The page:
Redford does a good job directing it. I thought it was funny he got Scorsese to cameo in the film, because he seemed to borrow Scorsese’s Goodfellas technique for the film. Quick scenes, constant moving camera, lots of music — it feels like Redford trying to do Scorsese. Oh, also, Redford won Best Director in 1980, beating Scorsese for Raging Bull. Guess what that means about his chances here?
Yeah, sorry — I’m spiteful like that.
Tarantino — It’s Pulp Fiction, the end. You should know what this is about.
This is clearly Tarantino’s masterpiece, and the vote is between him and Zemeckis. I vote for him, but I get why Zemeckis won. That’s just how it is.
Zemeckis — It’s Forrest Gump. You should know what this is about as well. Come on, now.
Zemeckis did a tremendous job with this film, and honestly, based on what he had to do and all the camera tricks they pulled, he might have actually deserved this more than Quentin did.
I said might. I’m stil voting for Quentin. But I’m totally cool with him winning. It was a fine choice.
My Thoughts: This obviously comes down to Tarantino or Zemeckis. I vote Tarantino, just because, but Zemeckis was also a good choice. Between this, Back to the Future and Who Framed Roger Rabbit?, Zemeckis earned a statue. So I’m okay with the decision even though I’m not voting for him.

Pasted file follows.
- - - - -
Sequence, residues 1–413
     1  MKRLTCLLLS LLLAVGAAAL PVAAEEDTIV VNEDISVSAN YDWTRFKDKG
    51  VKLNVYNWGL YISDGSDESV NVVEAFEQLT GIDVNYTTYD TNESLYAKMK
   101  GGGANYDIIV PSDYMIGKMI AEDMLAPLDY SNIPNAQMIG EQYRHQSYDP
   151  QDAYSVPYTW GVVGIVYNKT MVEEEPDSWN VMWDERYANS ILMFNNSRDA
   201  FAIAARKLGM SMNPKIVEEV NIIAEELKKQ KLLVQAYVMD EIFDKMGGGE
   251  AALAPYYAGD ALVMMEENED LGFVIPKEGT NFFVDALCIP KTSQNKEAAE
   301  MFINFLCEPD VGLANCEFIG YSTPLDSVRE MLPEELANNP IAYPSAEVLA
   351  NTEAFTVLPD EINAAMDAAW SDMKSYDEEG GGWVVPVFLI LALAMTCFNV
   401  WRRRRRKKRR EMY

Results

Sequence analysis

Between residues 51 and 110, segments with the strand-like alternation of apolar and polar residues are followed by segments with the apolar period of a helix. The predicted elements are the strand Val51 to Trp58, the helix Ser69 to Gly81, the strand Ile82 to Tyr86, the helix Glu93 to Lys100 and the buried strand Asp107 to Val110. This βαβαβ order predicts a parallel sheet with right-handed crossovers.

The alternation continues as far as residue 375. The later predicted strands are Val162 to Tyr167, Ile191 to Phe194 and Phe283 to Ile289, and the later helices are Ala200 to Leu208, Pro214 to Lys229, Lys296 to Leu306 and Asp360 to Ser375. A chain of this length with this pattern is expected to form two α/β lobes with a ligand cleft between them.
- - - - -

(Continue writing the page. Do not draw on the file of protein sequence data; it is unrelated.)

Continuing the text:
My Vote: Tarantino
Should Have Won: Tarantino, Zemeckis
Is the result acceptable?: Yup. Best Picture winner, Zemeckis earned one of these already — makes perfect sense. Let’s hope Tarantino wins one of these one day to make up for it.
Ones I suggest you see: If you haven’t seen Pulp Fiction or Forrest Gump, you’re dead to both me and the world, and I ask that you stop reading this blog right now, because you’re not doing it right. It being watching movies.
Quiz Show is a terrific, terrific film. A really great film, and one that almost everyone who sees it will enjoy. Highly highly recommended, and I can guarantee you that you will not be disappointed with this one. Oh man, is it great.
Bullets over Broadway is actually one of the few Woody Allen films that I can stomach. So that’s something. It’s not bad.
Red — or the entire Three Colors trilogy for that matter, because that’s what he was really nominated for — is a really well-directed film. I find the entire trilogy kind of boring to have to sit through, but they’re all well-made films, and fans of foreign films will probably really enjoy them. So I’ll throw in a recommendation if you think you’re gonna like them.